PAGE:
Shamanism techniques take practitioners on spiritual journey
In 1989, Jeanne Troge's 19-year-old son died in a car accident. For the next four years, she was in deep grief that she couldn't release.
"A part of you just leaves because you can't take in the full brunt of the pain of what's occurred," she said. "You don't live your life with all your energy."
When a friend told her to see a shaman who practices soul retrieval, Troge decided to give it a try.
"It was life-changing for me," she said.
Two weeks after the soul retrieval process, she said she felt all of her energy come back.
"I felt engaged in life again, I felt the grief just lift off of my shoulders," Troge said.
At that moment, the Park Rapids resident and Bridget's House co-owner, knew she wanted to learn and teach others about shamanism.
She's been practicing for 16 years and she often speaks about shamanism at different expos around the state.
This weekend, she led a group of practitioners on a "journey."
Fast drumming beats rolled and tribal music played. The room was dark and practitioners were blind-folded.
They danced for an hour then laid on the ground for a few minutes before sharing their thoughts on images they saw and messages they received during the dance.
A discussion among the group followed. They worked on healing one another's personal issues and connecting with their souls.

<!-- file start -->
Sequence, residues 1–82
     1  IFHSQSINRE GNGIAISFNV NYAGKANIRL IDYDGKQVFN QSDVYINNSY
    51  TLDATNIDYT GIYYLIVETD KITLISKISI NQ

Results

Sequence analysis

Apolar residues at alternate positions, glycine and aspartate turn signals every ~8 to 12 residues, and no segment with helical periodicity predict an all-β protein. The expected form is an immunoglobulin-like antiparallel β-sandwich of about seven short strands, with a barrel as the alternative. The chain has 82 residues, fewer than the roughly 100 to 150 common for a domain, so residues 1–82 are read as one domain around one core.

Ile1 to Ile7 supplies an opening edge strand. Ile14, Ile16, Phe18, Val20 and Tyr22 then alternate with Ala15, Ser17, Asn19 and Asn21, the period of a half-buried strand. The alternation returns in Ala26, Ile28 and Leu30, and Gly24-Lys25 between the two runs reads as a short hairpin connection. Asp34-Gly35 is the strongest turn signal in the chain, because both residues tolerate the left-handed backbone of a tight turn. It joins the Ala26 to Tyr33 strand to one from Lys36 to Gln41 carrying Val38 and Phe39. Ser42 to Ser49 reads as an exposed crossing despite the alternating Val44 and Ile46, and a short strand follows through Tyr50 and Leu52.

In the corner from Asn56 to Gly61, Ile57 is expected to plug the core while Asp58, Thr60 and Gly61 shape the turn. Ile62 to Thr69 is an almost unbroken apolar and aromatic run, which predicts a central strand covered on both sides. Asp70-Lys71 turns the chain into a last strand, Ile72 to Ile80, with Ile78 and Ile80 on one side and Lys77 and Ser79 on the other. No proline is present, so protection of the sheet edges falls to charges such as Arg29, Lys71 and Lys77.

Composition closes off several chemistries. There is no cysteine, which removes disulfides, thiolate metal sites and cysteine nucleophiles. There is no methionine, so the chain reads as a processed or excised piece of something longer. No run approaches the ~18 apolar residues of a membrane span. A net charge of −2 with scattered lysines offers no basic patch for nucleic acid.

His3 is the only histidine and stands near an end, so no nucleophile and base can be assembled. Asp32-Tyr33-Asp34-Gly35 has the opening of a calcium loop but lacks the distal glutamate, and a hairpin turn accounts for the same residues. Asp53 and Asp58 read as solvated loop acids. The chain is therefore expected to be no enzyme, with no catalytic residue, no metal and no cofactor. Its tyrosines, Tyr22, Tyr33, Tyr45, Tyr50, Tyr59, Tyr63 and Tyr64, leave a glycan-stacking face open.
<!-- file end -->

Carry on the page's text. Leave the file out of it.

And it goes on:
The dance is a shamanic technique called "trance-dance," which is used to connect the mind with the body and spirit.
"It's going into an ecstatic trance to access spiritual information," Troge said.
Beating of the drums at 220 beats per minute puts the brain into alpha and theta states that relax the body and gives practitioners an opportunity to have spiritual experiences. The combination of the music, the physical movement to the rhythm and the dancers' unawareness of their surroundings, helped participants receive the messages they were hoping to receive to work on healing themselves.
Shamanism is 30,000 years old and it's not a religion, it's a ritual.
"You can be any religion and still practice shamanism. It's a spiritual belief," Troge said.
It's about being in communion with the earth and appreciating all of its offerings.
Troge said that some of the misconceptions about shamanism have to do with how the animals play a role into the practices of the ritual.
Animals aren't sacrificed in shamanism.
Spiritual animals are teachers who bring messages that help with soul retrieval, Troge said.
Troge grew up practicing Catholicism. Today, she said she can't define herself by any one religion because she incorporates different rituals of Christianity with shamanism.
"I don't feel that I'm a religious person," Troge said. "I'm a spiritual person."